Mapped: London's Oyster Zone Boundaries

Geoff Marshall
By Geoff Marshall Last edited 54 months ago
Mapped: London's Oyster Zone Boundaries

A while ago, we spotted an anomaly on the tube map and Oyster network: if you travel by London Overground from Clapham to Highbury and Islington via Willesden (clockwise) you stay in Zone 2; but if you head anticlockwise, you pass through Zone 1 at Shoreditch High Street.

This got us thinking as to where the actual Oyster-Zone boundaries physically lie (as opposed to the schematic version shown on the tube map). So here it is, a map of London with the Oyster boundaries laid over on top.

For comparison, we've also added in the actual outer border of the London Boroughs (orange line), as well at the congestion charge (red) and Cycle Hire area (blue, including the recent expansion into Fulham & Hammersmith).

Click image for a high-resolution version (14 MB).

How we made it

To make it, we looked at the Oyster Rail Service map, which schematically shows tube and national rail stations and where they fall within the Oyster system. We then 'joined the dots' with the neatest curved lines possible between the stations. From this more geographical representation, it became apparent where the anomalies were. In large areas where there are no stations to define the zone (e.g. in the south-east of London where there's nothing between the Tramlink and National Rail services), it is very much a 'best guess', but we think it's quite a good one!

What it shows

You can see that the Cycle Hire scheme almost completely covers Zone 1. If the western extension to the congestion charge still existed, that would have broadly covered the Oyster Zone 1 area, too.

It also perhaps goes someway to answering the question "Do I live in London or not?". For some people, 'living in London' equates to the official definition of living in a London Borough. Others might call themselves Londoners so long as they're on the tube map — 'Zone 6 inwards' equals London. The map above helps to visualise which areas fall within Transport for London's zone boundaries.

Anomalies

But look closely, and you will see some strange anomalies, which we'll highlight here for you.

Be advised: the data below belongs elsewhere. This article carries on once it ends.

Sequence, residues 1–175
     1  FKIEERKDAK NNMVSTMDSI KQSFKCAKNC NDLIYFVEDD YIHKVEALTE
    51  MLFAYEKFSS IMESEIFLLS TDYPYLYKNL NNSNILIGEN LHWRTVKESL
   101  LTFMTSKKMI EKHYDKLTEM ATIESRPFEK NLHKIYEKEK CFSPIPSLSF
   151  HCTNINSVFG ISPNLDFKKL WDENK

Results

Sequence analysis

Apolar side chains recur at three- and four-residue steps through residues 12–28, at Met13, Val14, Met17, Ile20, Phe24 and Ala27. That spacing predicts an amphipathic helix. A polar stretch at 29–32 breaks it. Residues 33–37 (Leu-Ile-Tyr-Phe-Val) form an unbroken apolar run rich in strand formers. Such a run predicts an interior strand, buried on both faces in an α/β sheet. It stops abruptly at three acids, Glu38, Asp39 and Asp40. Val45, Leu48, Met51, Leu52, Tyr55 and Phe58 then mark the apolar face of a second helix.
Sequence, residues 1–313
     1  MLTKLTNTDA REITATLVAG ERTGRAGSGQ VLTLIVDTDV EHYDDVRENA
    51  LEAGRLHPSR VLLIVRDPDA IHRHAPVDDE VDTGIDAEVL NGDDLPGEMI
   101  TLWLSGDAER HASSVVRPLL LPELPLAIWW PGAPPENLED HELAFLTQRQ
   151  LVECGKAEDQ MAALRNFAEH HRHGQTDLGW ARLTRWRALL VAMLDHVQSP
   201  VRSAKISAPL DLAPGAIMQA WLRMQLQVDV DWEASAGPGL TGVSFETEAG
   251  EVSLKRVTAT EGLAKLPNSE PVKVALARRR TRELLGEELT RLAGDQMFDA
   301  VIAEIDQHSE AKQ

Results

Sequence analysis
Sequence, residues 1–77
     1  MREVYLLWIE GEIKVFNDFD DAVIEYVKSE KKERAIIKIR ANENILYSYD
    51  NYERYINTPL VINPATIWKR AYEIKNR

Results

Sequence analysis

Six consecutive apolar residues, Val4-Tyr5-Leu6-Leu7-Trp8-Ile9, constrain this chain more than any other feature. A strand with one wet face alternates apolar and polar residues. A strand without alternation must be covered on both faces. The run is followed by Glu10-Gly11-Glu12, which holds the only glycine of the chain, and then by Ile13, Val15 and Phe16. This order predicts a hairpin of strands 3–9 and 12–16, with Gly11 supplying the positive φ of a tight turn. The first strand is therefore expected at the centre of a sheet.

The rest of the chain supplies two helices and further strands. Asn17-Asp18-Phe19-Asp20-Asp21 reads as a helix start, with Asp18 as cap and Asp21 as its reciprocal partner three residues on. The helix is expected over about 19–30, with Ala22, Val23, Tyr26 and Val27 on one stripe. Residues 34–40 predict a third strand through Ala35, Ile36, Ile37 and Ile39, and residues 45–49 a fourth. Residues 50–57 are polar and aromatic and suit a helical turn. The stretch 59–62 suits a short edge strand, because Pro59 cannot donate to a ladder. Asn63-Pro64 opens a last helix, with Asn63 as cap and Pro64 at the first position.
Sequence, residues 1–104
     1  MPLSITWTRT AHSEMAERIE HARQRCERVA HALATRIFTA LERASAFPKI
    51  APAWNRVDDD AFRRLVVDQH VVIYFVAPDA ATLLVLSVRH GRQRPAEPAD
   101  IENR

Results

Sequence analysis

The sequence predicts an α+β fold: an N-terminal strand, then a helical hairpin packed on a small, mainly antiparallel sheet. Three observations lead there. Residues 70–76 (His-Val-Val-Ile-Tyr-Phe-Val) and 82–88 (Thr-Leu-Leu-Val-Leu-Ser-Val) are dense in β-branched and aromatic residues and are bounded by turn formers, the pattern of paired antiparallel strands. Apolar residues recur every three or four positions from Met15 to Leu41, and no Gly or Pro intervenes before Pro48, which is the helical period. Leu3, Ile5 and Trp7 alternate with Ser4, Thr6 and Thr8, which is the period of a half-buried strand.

1. Hoxton should be in Zone 2, and only Zone 2. As it stands, it is a Zone 2 AND Zone 1 'border' station, but you can clearly see the Zone 1 area bumps up like an enormous spot, to suck Hoxton into Zone 1. Naughty TfL have promoted it to the inner-most zone in order to justify higher fares for people travelling here. By the same token, Shoreditch High Street should also geographically fit into Zone 2, rather than Zone 1.

The Hoxton bump (light blue) thrusts out of the main Zone 1 area to encompass the Overground station.

2. Where the DLR snakes south to Lewisham, the border between Zone 2 and Zone 3 bends with it to ensure that all the DLR stations south of the river here are 'border' stations between the two zones.

The Deptford Bridge invagination ensures all DLR stations in this region remain on the zone 2-3 boundary.

3. Epping should not be in Zone 6. This is another Hoxton-like 'bump', but this time it works in the passengers favour. You could argue that Epping should really be a Zone 7, or possibly even a Zone 8 station.

The Epping bulge puts several stations, way outside the Greater London boundary, inside Zone 6.

4. The commuters of Northwood and Moor Park get a good deal, too, with a bump that pulls their stations into Zone 6, and not 7. We think Moor Park used to be Zone 7, and was moved into Zone 6 recently.

The Northwood bulge.

Let us know in the comments if you spot any other anomalies.

Last Updated 14 January 2014